The Cloud on the Ground

“The fog is like a cage without a key.”   ─ Daniel J. Boorstin

Fog

Fog is defined as a thick cloud of tiny water droplets suspended in the atmosphere at or near the earth’s surface that obscures or restricts visibility. Fog as a metaphorical comparison is a cloudiness that obscures and confuses a situation or someone’s thought processes by bewildering or puzzling a person so that their perceptions are vague.

Sometimes a client will say that they have a sullen type of mood and I will ask them about what their experience of this internal condition is like. A few have described their experience as if they are living in a fog, a brain fog that has slowly crept upon them. Others have implied that their fog is like a veil of grayness unlike smog which is a tan smoke like color. For some it denotes a brooding dimness like living in a cloudy netherworld. It is a place removed and below the light of a bright and clear consciousness. The fog obscures direction and movement. The passage out is blocked. Thick fog at ground level feels like living inside a drab damp cloud. This dreary emotional gray will cause the person to have misty or moist eyes as the cloudy feeling is expressed and even a tear might form.

The following poem by Carl Sandburg expresses through a cat metaphor poetically described the experience of being in a fog.

Fog

The fog comes

on little cat feet.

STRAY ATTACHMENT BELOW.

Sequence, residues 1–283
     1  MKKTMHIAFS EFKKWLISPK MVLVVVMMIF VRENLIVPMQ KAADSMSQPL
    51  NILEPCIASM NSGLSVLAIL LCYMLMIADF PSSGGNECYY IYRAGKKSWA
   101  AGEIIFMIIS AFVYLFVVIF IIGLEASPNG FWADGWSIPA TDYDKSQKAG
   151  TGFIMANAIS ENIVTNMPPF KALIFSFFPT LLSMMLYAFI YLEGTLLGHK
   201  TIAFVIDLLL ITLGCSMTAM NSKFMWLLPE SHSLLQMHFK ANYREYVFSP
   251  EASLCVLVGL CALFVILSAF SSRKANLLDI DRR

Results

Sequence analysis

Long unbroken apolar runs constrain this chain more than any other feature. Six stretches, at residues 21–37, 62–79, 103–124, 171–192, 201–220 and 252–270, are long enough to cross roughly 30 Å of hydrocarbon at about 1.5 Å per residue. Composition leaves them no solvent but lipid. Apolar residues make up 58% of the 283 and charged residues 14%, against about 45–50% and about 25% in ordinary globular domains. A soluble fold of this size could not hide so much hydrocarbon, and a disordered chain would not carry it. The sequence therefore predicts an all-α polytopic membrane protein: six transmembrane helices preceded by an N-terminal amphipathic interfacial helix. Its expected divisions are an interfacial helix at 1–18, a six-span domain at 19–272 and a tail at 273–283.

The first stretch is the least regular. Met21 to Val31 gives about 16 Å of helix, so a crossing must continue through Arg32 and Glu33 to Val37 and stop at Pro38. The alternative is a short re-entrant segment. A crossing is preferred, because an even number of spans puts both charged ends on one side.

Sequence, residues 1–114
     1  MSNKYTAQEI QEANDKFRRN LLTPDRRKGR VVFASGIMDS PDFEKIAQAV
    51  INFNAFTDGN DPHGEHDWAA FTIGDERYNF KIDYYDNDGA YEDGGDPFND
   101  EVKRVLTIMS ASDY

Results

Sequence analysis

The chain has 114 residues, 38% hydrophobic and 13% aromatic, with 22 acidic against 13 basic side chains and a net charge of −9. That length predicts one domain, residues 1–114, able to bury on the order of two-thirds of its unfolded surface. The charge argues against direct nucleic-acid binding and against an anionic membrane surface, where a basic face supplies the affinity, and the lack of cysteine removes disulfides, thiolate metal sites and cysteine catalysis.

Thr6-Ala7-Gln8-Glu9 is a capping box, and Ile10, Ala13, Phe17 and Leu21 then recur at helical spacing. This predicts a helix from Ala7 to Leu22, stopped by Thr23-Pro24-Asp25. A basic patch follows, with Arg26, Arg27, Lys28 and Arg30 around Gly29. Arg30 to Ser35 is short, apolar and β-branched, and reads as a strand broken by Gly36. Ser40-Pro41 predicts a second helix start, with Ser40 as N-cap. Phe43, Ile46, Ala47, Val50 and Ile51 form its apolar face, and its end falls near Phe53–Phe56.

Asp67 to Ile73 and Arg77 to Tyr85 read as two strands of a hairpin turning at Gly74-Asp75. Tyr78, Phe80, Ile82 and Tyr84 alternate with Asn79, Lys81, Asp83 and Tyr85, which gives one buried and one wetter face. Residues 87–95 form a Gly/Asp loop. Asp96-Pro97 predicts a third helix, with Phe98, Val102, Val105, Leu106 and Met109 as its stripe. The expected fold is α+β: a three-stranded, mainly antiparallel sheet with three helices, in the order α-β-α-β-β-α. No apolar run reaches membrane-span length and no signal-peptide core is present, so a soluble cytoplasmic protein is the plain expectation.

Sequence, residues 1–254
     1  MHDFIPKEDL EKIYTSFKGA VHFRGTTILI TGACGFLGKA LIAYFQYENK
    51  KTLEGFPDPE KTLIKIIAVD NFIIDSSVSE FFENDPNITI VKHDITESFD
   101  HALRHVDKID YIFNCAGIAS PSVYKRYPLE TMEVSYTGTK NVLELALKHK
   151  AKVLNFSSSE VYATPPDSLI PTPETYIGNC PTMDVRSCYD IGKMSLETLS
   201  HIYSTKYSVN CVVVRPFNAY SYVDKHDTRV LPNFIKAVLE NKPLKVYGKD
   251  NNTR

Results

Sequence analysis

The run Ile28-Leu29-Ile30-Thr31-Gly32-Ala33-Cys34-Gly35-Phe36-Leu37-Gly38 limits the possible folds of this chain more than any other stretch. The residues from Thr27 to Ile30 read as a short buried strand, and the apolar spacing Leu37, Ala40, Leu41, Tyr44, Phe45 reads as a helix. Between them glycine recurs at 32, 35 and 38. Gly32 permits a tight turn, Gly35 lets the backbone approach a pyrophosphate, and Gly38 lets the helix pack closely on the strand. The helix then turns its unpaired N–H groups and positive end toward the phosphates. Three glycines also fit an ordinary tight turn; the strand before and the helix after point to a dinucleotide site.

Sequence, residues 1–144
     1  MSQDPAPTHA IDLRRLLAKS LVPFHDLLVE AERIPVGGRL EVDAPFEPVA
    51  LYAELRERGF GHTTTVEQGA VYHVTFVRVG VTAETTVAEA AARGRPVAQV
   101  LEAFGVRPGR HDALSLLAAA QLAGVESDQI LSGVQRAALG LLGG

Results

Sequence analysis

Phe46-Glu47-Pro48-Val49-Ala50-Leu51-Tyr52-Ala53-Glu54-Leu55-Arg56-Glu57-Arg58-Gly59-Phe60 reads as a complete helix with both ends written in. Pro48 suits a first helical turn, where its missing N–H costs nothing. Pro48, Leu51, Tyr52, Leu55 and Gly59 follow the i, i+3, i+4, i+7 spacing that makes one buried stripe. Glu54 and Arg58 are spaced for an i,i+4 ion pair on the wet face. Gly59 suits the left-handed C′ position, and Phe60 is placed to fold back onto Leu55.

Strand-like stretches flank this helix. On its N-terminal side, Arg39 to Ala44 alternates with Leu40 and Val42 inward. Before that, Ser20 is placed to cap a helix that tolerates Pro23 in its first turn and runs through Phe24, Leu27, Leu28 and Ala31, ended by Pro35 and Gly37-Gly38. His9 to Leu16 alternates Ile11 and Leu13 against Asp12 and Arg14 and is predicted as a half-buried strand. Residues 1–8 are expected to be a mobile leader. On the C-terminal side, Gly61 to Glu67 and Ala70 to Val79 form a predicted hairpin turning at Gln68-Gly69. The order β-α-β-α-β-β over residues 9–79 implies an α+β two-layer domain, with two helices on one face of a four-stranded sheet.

It sits looking

over harbor and city

on silent haunches

and then moves on.

A psychological interpretation might suggest that the cat is an invisible instinct that can stealthily slink and sneak up to a person thus making its presence known. Both the fog and cat are independent and there are no rules to its silent and quiet movements. Both can hover and look over various situations and yet they can move on quickly and disappear. As the fog comes and goes it reminds us that a foggy brain is in a hazy state of confusion. This affect seems like it will last forever as the person lives in a state of perpetual uncertainty. It will in the end be a temporary situation and not a permanent condition. This experience of being in a fog is also an act of trust that things will burn off, clear up, and the light of consciousness will return.

“Most consequential choices involve shades of gray, and some fog is often useful in getting things done.” ─ Black Elk


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